# Plot the function
plt.plot(data)
plt.xlim([0,20000])
plt.title('Visualization of beat')
plt.xlabel('Sample number')

# Create sound file
data += shift
with wave.open('beat.wav','w') as file:
    file.setparams((nchannels, sampwidth, sampleRate, 0, 'NONE', ''))
    file.writeframes(data)

IPython.display.Audio('beat.wav')
Out[5]:

Using these concepts, we can actually create a simple melody.

In [6]:
# Create a "function" to translate from a given tone to its frequency
baseTone = 130.813  # The frequecy of the tone C3, bass C
tones = ['C', 'C#', 'D', 'D#', 'E', 'F', 'F#', 'G', 'G#', 'A', 'Bb', 'B',
         'Ch','C#h','Dh','D#h','Eh','Fh','F#h','Gh','G#h','Ah','Bbh','Bh']
# And use dictionary comprehension to fill in the frequencies
notes2freq = {tones[i]: baseTone*2**(i/12) for i in range(0,len(tones))}

# The meldody data saved as a list of tuples (note, duration)
l = 2.
notes = [('D',0.083*l),('D',0.083*l),('D',0.083*l),('G',0.5*l),('Dh',0.5*l),('Ch',0.083*l),
         ('B',0.083*l),('A',0.083*l),('Gh',0.5*l),('Dh',0.25*l),('Ch',0.083*l),('B',0.083*l),
         ('A',0.083*l),('Gh',0.5*l),('Dh',0.25*l),('Ch',0.083*l),('B',0.083*l),('Ch',0.083*l),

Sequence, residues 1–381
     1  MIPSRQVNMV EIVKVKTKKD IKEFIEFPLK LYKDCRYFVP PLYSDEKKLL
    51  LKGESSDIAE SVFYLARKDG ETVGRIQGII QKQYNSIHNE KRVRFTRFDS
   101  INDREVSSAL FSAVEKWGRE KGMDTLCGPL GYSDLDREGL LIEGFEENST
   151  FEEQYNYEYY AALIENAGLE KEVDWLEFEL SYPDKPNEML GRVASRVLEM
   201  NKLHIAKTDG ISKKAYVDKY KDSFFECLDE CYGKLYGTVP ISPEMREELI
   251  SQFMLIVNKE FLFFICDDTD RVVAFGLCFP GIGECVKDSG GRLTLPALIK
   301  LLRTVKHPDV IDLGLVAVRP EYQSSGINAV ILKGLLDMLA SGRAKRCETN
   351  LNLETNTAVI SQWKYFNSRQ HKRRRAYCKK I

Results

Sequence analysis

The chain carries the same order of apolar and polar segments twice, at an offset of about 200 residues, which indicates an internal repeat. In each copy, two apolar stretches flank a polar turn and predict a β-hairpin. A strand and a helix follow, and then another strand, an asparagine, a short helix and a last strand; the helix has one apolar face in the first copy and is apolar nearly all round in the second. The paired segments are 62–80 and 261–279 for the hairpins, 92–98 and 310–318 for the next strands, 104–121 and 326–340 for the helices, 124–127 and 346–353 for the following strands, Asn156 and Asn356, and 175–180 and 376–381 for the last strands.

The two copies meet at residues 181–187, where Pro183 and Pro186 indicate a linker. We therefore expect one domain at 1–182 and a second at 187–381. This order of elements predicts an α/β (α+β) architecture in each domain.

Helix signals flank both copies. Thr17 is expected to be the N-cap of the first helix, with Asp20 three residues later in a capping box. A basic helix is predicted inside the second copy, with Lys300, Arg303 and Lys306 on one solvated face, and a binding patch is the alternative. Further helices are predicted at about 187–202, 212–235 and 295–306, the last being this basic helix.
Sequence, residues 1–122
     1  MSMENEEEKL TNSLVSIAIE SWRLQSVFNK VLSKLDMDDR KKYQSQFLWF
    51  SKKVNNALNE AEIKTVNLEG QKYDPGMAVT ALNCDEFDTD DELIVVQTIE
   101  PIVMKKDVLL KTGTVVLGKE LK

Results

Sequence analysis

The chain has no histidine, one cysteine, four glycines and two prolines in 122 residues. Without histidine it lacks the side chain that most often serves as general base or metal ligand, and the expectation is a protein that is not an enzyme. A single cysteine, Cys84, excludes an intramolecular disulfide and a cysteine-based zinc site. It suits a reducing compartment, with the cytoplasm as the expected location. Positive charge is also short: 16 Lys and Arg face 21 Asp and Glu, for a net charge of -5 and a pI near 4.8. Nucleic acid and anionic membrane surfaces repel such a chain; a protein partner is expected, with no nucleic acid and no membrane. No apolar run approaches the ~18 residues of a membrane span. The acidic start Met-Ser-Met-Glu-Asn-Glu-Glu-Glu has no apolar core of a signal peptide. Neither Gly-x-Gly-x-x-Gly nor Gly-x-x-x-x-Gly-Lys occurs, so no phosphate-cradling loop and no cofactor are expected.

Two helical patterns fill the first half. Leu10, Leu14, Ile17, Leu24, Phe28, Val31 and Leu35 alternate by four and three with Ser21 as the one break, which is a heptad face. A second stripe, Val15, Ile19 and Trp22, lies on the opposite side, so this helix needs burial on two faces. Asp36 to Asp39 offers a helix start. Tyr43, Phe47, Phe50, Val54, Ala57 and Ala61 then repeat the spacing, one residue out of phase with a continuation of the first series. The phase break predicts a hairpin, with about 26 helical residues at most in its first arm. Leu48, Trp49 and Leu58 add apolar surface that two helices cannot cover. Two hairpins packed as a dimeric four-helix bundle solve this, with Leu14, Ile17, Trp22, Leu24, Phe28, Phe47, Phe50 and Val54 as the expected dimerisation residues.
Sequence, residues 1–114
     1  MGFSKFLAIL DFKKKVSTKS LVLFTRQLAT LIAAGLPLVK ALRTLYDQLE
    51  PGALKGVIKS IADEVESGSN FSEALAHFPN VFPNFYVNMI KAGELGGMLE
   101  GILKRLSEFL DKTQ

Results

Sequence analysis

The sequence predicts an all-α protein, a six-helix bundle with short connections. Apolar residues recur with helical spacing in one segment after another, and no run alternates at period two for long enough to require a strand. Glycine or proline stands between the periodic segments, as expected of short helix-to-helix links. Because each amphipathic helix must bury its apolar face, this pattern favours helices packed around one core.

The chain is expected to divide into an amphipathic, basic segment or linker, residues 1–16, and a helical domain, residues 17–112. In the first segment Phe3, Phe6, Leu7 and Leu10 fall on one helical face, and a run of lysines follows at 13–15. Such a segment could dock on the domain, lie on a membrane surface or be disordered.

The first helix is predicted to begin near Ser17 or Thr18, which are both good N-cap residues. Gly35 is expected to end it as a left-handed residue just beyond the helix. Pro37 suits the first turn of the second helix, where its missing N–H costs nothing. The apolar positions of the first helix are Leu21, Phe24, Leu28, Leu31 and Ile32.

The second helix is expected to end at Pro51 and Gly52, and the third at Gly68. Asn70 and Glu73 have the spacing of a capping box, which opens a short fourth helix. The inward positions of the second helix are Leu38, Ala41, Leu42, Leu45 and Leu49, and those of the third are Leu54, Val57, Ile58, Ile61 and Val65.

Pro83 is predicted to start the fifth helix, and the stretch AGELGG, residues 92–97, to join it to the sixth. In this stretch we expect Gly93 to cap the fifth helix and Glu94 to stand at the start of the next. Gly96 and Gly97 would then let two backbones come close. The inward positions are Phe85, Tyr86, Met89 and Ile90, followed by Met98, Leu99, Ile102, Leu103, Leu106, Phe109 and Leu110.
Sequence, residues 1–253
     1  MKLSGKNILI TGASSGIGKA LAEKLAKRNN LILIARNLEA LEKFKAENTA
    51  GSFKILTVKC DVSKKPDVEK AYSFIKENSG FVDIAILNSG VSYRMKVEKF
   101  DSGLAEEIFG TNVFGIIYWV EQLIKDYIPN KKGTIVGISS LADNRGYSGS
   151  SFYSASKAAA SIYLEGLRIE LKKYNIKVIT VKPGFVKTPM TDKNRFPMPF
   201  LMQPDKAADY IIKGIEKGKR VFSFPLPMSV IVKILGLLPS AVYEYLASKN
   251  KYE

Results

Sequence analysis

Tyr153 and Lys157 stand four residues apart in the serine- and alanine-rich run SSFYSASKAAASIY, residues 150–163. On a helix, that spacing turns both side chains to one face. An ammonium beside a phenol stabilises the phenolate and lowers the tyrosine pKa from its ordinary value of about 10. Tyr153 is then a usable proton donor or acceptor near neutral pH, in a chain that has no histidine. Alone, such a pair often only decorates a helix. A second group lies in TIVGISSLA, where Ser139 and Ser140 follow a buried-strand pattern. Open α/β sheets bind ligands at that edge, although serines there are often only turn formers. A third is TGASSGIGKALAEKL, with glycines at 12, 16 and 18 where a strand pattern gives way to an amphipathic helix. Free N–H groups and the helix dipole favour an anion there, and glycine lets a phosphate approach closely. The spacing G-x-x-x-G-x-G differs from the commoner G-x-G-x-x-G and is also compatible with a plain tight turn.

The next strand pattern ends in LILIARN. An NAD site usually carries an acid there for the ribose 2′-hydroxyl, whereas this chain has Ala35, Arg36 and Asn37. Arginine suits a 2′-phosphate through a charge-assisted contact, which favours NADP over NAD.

('A',0.5*l),('D',0.167*l),('D',0.083*l),('G',0.5*l),('Dh',0.5*l),('Ch',0.083*l),
         ('B',0.083*l),('A',0.083*l),('Gh',0.5*l),('Dh',0.25*l),('Ch',0.083*l),('B',0.083*l),
         ('A',0.083*l),('Gh',0.5*l),('Dh',0.25*l),('Ch',0.083*l),('B',0.083*l),('Ch',0.083*l),
         ('A',0.5*l),('D',0.167*l),('D',0.083*l),('E',0.375*l),('E',0.125*l),('Ch',0.125*l),
         ('B',0.125*l),('A',0.125*l),('G',0.125*l),('G',0.083*l),('A',0.083*l),('B',0.083*l),
         ('A',0.167*l),('E',0.083*l),('F#',0.25*l),('D',0.167*l),('D',0.083*l),('E',0.375*l),
         ('E',0.125*l),('Ch',0.125*l),('B',0.125*l),('A',0.125*l),('G',0.125*l),
         ('Dh',0.1875*l),('A',0.0625*l),('A',0.5*l),('D',0.167*l),('D',0.083*l),('E',0.375*l),
         ('E',0.125*l),('Ch',0.125*l),('B',0.125*l),('A',0.125*l),('G',0.125*l),('G',0.083*l),
         ('A',0.083*l),('B',0.083*l),('A',0.167*l),('E',0.083*l),('F#',0.25*l),('Dh',0.167*l),
         ('Dh',0.083*l),('Gh',0.125*l),('Fh',0.125*l),('D#h',0.125*l),('Ch',0.125*l),
         ('Bb',0.125*l),('A',0.125*l),('G',0.125*l),('Dh',0.75*l)]

# Create the file data
data = np.array([],dtype=soundType)
for note, duration in notes:
    currentFrequency = notes2freq[note]
    currentTone = tone(currentFrequency, duration, amplitude, sampleRate, soundType)
    data = np.append(data, currentTone)
data += shift
with wave.open('melody.wav','w') as file:
    file.setparams((nchannels, sampwidth, sampleRate, 0, 'NONE', ''))
    file.writeframes(data)

IPython.display.Audio('melody.wav')
Out[6]: